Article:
“You only have to be brave for the first twenty seconds”, We Bought a Zoo
This week’s coagulation of ideas is about fear and bravery. The seed was planted when I rewatched the feel-good movie, We Bought a Zoo. I love Matt Damon movies. Throw in Scarlett J and lots of animals and you have a winning combo! But the opening premise of the movie is so true: you do only have to be brave for the first twenty seconds. Take a deep breath and … go for it!
My thoughts started to take more shape while I was reading possibly the worst memoir ever written: How to amputate a leg, and other ways to stay out of trouble, by Nathan Mullins. I applaud people who serve in the military and emergency services, but this guy was a self-serving tool who exaggerated stories to try and sound heroic. A particular low-point was the chapter on shark attacks, which was little more than a few interactions with a reef shark and a wobbegong! Anyway, I gave up reading it about halfway through, but I did flick through the chapter on fear. Mullins thinks he may be an expert in the field: “I suppose I have experimented with fear many times in my life. Maybe I’m an expert.” But he was right about one thing: being brave and being unafraid are two different things. Bravery is being scared about something and doing it anyway. If you aren’t scared, it isn’t bravery. This was also a point drawn out in the audiobook I just finished listening to: The Aviator’s Wife by Melanie Benjamin. A novel based on historical fact. Charles Lindbergh, the famous aviator who was the first person to fly non-stop from the USA to Europe was unafraid of flying. In contrast, his wife Anne, who he taught to fly in order to be his co-pilot, was sh*t-scared of flying, but was brave enough to do it anyway.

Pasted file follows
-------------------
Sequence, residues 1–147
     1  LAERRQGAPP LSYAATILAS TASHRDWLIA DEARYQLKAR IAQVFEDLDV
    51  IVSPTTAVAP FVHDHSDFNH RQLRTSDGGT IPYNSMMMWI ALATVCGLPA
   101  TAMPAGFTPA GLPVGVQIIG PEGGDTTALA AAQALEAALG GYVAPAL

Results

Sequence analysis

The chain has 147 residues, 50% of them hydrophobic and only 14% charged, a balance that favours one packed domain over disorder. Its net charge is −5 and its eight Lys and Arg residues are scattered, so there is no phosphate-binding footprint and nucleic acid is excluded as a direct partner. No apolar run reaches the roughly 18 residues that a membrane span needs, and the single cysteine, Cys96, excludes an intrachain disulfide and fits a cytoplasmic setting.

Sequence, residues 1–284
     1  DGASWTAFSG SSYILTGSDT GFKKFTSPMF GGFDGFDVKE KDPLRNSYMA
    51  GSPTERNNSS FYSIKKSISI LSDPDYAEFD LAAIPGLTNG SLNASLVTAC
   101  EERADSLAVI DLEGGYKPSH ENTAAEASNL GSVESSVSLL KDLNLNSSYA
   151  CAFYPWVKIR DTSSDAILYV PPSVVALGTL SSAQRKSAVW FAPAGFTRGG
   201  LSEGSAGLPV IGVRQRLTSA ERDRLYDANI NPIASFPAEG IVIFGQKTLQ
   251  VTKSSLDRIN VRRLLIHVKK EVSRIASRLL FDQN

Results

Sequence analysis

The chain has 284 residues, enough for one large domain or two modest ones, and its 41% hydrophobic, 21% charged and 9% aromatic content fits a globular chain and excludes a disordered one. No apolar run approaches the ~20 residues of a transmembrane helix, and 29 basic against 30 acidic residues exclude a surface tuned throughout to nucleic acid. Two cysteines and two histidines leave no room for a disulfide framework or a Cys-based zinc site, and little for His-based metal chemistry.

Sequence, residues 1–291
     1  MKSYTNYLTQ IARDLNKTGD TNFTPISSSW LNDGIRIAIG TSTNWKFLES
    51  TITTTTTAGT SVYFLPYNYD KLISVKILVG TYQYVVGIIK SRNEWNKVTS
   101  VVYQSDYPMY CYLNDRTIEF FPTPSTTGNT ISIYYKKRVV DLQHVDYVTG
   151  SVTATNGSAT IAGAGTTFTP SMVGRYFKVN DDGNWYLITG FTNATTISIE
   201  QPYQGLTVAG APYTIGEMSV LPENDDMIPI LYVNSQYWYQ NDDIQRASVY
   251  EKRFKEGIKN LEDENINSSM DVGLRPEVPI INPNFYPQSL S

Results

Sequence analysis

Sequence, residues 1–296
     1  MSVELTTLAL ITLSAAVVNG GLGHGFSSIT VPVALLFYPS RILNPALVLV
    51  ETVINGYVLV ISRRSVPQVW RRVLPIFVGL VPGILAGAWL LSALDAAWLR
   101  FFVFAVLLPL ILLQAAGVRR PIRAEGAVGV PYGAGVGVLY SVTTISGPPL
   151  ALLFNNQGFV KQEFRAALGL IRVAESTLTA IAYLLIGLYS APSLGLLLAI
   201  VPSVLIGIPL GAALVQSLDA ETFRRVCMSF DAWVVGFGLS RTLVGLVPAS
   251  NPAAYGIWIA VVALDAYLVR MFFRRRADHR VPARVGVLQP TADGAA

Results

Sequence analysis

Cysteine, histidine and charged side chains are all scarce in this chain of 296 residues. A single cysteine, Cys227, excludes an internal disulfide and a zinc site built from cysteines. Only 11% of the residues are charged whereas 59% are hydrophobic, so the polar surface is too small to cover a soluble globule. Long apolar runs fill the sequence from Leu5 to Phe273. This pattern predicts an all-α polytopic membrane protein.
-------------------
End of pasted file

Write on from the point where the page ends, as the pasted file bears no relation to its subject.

From all this stimuli, I’ve noted a few ideas for the sitcom. (If you are new to this blog, I’m collecting ideas for a sitcom. Read more here). In each “episode” the storyline will include different house guests at the health retreat. One of the guests can be a Nathan Mullins-inspired know-it-all idiot. He’ll be called Mac (an unflattering acronym which I won’t spell out here). And another can be an olympic athlete. Maybe of a really obscure olympic sport that noone has ever heard of. Or maybe it could be a cameo from a real olympic athlete, like Hussain Bolt.
Anyway, I traded in the crappy memoir for Unbroken by Laura Hillenbrand – still sticking with the themes of courage, survival and resilience. I haven’t seen the movie version yet, but I’m keen to.
-catching up on the Mamamia Out Loud podcasts
-up to Level 1853 on Candy Crush, and playing 9 people in Words With Friends.
-and trying to live by Eleanor Roosevelt’s motto:
“Do one thing every day that scares you”.
Anyway, that’s what’s happening in my world. Hope you are enjoying yours!